Date of Graduation

1996

Document Type

Dissertation/Thesis

Abstract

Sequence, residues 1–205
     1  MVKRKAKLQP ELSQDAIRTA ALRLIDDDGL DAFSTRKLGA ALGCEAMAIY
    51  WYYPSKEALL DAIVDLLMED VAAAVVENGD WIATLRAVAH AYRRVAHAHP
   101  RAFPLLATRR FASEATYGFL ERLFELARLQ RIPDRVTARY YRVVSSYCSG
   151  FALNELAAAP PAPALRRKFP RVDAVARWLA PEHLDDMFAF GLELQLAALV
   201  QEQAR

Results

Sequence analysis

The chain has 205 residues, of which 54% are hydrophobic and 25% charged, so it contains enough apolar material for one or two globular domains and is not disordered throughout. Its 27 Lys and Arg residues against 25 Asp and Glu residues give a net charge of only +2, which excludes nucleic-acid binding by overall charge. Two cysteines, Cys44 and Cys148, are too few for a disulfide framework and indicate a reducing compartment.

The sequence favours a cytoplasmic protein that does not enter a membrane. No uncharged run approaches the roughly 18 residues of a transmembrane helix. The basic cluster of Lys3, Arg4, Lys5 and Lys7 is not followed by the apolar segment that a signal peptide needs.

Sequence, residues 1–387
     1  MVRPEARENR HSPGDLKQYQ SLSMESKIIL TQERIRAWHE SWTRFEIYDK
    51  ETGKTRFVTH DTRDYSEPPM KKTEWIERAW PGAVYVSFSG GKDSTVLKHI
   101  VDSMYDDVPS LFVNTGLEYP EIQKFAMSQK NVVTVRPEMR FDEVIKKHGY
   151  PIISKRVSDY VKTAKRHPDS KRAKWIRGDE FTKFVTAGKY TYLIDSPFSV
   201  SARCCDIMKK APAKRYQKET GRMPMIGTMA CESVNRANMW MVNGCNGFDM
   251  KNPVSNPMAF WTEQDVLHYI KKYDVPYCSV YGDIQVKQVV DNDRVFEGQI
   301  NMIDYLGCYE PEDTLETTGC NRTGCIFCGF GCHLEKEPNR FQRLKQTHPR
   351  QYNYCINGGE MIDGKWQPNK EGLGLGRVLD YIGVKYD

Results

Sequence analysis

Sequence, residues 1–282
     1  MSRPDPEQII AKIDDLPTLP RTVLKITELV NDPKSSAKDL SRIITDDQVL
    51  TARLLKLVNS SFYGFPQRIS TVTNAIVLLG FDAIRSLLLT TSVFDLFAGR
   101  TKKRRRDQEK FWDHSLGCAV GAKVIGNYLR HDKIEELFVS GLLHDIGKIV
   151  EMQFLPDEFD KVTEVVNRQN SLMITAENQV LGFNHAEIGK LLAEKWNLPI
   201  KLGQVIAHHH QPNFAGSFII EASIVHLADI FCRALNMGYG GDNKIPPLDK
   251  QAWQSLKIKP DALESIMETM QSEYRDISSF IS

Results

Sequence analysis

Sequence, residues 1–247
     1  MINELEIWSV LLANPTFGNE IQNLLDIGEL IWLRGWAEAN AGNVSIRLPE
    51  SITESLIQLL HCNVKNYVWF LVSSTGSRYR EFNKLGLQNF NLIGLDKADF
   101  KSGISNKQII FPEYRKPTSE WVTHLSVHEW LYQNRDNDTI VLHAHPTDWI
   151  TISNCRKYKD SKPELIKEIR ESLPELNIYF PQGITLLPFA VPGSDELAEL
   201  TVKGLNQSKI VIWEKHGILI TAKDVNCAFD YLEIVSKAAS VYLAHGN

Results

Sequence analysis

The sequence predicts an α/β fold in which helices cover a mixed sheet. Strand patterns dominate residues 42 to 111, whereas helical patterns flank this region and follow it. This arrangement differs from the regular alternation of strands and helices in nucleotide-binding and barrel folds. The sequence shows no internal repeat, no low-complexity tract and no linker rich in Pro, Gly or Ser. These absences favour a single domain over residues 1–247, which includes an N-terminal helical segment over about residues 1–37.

The purpose of this research was to determine whether specific learning disabled students would respond more quickly, accurately, and in the correct sequence to visual and auditory stimuli according to their predetermined modality preference within the context of the gymnasium and using motor skills. Male and female SLD college students (N = 58) were the participants for the study. Students attending Muskingum College were divided into four groups according to their modality preference toward auditory instruction or visual instruction. Modality preference was determined by the Incomplete Word and Visual Closure subtests of the Woodcock-Johnson Tests of Cognitive Ability. One of the visual learner groups (n = 18) received only visual stimuli while the other visual learner group (n = 15) received only auditory stimuli. One of the auditory learner groups (n = 10) received only auditory stimuli while the other auditory learner group (n = 15) received only visual stimuli. The participants were asked to perform the four skills of galloping, striking, kicking, and jumping. Scores were obtained on each participant's response speed, process accuracy, and sequence accuracy. Participants performed two trials of the same skill sequence. There were non-significant differences between the auditory learners receiving auditory stimuli (AL-AS) and those receiving visual stimuli (AL-VS). There were significant differences between the auditory learners receiving visual stimuli (AL-AS) and those visual learners receiving auditory stimuli (VL-AS). There was a significant difference between the visual learners receiving visual stimuli (VL-VS) in one of the three measures (sequence accuracy) than the auditory learners auditory stimuli (AL-AS). There were significant differences between the visual learners receiving visual stimuli (VL-VS) and those visual learners receiving auditory stimuli (VL-AS). There were significant differences between the visual learners receiving visual stimuli (VL-VS) in two of the three measures (process accuracy and sequence accuracy) compared with auditory learners receiving visual stimuli (AL-VS). There were significant differences between those groups receiving their preferred modality (AL-ASVL-VS) and those groups not receiving their preferred modality (AL-VSVL-AS). There was a significant difference between the participant's response time between trial one and trial two but no difference in process accuracy or sequence accuracy.

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